Fujifilm Provia 100F - Produces vibrant and realistic colors with moderate contrast and color saturation. It has an ultra-fine grain with a daylight color balance.
Foma Fomapan R100 - This is a black & white slide film, described by Fomapan as having elevated levels of contrast, high resolving power, and very fine grain. It is also regarded as a substitute for the long-discontinued Agfa Scala transparency film.
Consumer vs Professional Film
Professional film stock have better latitude, are easier to push, and increased dynamic range, this is why they will cost you more.
You should expect to see a significant difference in businesses that sell it. Consumer film emulsions can generally be bought from big-box stores and pharmacies in meager amounts. Pro film stocks often need to be ordered from a photography store or online retailer.
The film speed is shown as ISO, which may also be regarded as the film's sensitivity to light.
The less light there is available to properly expose an image, the bigger the ISO of the film will need to be. This comes at the expense of noticeably increased film grain.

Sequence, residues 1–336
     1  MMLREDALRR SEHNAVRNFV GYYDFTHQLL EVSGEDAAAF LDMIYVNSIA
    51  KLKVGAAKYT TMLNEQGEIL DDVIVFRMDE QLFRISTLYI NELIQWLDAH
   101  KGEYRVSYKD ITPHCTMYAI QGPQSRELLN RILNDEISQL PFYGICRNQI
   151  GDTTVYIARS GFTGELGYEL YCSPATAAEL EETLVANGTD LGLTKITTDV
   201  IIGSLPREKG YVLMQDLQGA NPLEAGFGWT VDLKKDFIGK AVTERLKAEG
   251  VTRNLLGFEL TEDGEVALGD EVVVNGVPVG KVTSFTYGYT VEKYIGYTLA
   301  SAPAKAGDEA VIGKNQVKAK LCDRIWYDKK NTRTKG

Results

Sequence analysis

ISO 100 and slower films (ISO 50, ISO 25, etc) are often troublesome to shoot handheld in the N4004. They will probably be longer will be longer than what you are able to handhold without producing motion blur unless you're working in full sun.
A flash, fast lens, and/or tripod will help you with longer shutter speeds. Using a fast ISO 400 or ISO 800 film often makes the additional equipment unnecessary.
The ISO is set by the Nikon N4004 electronically. This is a change from older cameras that use an ISO dial.
Latitude is the range of stops a film can be overexposed while still holding onto usable photographs. Pro film stocks have a greater latitude paired with a somewhat increased price.
Reversal film has less latitude compared to negative film. That is a reason why it's deemed to be harder to work with.
Dynamic range represents the range between the shadows and highlights details of a photograph that can be recorded. Areas of a photo that do not fit in this range will be seen as totally black underexposed shadows or solid white overexposed highlights.
A bigger dynamic range is advantageous since a larger range helps make shooting in varied lighting conditions easier.
- Digital cameras 14+ stops
- Negative film up to 13 stops
- Slide film 6-8 stops
The small dynamic range of reversal film is an additional factor it is regarded as challenging to shoot. A great time to try it out is during the golden hour.